To tie a hook to a line
Prepare, by waxing with shoemaker's wax, a piece of strong silk or thread; take your hook in your left hand between your thumb and forefinger, about as high up as the point of the barb or a little higher, as you may fancy; place the end of your silk under your thumb, take three or four random but firm turns around the shank of the hook until you reach the end (for the purpose of preventing the gut being cut by the hook, and moreover that your gut may stick firmly without the possibility of coming off;) now lay your gut or line (the inside of the hook, up) on to this winding, holding it with the end of the thumb, and commence whipping it around firmly and closely, occasionally pressing the turns to keep them even; continue this operation until you get within three or four turns of the finishing point; in order to fasten firmly - give three loose turns, then insert the end of your silk under them, and drawing it through, you have a secure fastening, called the hidden knot. Another method of finishing when you have arrived at the fastening point, is to make two or three half hitch knots; this is done by passing the end under one turn of the silk, making a loop, and drawing it down. The hidden knot is the better and most secure mode.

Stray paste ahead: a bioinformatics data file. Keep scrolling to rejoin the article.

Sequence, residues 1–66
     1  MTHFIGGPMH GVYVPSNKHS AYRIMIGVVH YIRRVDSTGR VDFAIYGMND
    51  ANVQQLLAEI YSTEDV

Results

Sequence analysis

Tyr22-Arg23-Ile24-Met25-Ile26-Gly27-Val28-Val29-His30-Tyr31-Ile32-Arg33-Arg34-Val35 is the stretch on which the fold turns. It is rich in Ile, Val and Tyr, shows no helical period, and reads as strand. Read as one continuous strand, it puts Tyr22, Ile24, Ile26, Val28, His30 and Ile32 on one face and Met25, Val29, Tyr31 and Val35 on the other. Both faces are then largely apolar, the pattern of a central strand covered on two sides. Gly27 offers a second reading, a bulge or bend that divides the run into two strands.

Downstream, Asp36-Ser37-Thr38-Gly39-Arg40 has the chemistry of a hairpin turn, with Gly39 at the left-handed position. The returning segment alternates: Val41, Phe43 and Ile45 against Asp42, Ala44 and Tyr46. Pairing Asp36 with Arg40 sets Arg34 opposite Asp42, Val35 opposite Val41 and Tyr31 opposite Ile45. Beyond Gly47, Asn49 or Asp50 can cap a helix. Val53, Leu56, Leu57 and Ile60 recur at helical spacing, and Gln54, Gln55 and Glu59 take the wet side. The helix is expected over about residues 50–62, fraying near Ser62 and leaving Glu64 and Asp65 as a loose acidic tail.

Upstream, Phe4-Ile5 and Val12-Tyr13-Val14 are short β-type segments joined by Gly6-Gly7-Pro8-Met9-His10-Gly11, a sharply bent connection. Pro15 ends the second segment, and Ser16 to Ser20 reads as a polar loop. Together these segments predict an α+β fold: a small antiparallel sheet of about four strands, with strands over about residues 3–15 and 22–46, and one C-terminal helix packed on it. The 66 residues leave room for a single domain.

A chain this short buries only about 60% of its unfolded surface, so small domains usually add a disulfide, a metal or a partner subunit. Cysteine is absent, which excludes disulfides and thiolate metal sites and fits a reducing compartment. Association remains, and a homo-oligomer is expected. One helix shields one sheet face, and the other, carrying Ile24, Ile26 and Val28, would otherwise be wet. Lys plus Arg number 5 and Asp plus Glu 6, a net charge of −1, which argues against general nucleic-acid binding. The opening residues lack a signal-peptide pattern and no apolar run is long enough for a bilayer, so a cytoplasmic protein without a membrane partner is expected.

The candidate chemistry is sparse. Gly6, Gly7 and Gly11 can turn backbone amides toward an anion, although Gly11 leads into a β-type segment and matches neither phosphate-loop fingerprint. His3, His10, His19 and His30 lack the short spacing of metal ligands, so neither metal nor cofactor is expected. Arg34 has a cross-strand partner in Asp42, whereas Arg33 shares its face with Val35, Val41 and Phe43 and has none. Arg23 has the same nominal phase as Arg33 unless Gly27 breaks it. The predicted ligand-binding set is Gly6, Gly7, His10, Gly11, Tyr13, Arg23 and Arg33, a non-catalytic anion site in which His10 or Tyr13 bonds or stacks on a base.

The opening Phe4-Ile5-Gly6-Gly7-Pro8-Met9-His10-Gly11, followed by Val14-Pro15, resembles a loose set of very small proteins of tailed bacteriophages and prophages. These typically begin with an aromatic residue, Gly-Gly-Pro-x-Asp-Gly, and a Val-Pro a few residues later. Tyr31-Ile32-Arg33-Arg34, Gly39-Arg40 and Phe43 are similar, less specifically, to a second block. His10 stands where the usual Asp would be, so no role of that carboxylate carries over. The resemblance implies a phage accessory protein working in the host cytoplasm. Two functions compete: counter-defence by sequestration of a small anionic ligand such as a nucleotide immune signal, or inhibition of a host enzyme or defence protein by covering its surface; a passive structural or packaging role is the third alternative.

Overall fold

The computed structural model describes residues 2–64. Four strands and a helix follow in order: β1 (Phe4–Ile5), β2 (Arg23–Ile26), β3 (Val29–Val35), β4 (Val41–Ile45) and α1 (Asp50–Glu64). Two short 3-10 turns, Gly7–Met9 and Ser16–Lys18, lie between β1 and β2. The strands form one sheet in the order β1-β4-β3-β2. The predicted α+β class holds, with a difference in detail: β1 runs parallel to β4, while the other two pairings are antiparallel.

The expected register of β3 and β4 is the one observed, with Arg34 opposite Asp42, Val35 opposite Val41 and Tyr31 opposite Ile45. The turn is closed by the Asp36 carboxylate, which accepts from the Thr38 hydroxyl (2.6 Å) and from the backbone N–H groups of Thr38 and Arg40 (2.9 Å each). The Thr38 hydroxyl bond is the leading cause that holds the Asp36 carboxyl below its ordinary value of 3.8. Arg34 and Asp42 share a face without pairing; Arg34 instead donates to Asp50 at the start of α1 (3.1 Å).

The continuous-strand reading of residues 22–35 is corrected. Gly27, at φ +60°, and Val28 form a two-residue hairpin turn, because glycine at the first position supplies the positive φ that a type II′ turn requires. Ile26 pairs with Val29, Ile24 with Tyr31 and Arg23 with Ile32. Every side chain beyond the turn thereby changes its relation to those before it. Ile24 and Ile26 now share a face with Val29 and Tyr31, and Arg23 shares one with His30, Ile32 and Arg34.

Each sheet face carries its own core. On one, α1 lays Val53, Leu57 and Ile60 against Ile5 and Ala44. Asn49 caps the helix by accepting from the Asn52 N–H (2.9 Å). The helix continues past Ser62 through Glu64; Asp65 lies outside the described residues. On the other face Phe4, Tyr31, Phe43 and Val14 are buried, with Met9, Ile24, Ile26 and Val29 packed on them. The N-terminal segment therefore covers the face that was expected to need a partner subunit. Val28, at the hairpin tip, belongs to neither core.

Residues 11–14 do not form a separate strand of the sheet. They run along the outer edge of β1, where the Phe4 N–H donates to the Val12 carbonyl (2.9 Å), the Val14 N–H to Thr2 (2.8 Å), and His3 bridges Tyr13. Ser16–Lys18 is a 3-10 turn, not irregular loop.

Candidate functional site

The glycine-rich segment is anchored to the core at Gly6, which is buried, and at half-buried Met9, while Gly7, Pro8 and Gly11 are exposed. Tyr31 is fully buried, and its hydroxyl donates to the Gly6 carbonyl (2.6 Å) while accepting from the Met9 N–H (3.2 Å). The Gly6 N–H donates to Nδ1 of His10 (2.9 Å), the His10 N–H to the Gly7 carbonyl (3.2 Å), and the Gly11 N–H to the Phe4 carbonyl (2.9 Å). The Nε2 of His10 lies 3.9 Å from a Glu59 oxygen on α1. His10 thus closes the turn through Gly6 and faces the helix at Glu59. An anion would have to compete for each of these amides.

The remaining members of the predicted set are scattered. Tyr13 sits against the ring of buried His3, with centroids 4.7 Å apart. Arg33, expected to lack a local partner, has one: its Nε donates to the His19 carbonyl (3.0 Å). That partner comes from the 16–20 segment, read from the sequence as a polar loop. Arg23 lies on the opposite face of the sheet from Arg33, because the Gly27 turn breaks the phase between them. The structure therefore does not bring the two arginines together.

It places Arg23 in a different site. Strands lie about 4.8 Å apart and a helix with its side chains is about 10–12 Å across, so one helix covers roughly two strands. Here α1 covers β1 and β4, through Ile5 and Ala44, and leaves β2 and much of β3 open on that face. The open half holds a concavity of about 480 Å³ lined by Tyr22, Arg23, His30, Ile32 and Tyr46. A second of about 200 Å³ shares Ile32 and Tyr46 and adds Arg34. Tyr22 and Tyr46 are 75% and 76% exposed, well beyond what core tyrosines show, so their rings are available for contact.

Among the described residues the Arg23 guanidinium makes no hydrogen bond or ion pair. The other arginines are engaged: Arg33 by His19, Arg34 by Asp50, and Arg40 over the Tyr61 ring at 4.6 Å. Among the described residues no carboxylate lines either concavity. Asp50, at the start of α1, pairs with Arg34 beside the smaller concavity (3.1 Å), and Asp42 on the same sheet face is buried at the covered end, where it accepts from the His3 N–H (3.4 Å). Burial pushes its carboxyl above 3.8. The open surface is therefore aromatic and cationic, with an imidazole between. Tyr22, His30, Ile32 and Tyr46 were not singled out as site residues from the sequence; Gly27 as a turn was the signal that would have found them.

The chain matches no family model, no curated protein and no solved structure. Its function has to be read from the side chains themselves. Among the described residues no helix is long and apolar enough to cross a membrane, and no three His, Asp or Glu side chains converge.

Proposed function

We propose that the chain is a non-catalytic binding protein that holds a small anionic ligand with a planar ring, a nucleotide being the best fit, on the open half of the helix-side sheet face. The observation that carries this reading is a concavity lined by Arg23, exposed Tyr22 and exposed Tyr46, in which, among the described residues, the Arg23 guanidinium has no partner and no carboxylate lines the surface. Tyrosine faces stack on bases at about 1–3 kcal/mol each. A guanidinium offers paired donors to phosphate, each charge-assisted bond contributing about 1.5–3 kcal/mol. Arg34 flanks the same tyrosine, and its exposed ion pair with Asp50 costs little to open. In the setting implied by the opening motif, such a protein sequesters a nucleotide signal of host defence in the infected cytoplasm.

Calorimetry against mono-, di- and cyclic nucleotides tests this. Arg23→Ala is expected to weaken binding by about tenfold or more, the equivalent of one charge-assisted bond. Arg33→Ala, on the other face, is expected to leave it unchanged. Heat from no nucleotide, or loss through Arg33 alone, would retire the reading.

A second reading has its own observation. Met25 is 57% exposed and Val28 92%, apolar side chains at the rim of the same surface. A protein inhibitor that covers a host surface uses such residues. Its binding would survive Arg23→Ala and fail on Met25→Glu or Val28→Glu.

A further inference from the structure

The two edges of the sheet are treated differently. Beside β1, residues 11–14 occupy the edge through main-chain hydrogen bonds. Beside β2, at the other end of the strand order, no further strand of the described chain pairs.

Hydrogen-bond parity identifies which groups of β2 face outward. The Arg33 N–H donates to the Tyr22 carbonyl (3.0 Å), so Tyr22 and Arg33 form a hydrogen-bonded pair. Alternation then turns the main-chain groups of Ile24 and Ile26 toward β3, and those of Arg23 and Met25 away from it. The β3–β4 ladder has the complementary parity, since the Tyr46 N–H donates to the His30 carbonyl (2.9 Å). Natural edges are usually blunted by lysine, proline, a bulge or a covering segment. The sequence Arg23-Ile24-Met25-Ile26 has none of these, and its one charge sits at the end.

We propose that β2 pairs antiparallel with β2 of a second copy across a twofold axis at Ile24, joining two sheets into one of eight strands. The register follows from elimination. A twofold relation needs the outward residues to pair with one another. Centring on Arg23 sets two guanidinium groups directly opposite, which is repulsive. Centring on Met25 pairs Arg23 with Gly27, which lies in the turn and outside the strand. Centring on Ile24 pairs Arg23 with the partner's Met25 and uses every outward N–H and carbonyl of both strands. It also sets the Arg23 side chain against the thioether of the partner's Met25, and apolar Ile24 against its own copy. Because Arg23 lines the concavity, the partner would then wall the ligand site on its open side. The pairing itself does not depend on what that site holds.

Catch and Release
Catch-and-release fishing is increasingly practiced especially by flyfishermen, as well as spin and baitcasting fishermen, to increase conservation and to protect rare fish such as marlin. The practice is however disputed as it by some is considered unethical to perform painful actions to the fish for fun and not for the reason of food production. Because of this, catch-and-release practice is illegal in Norway.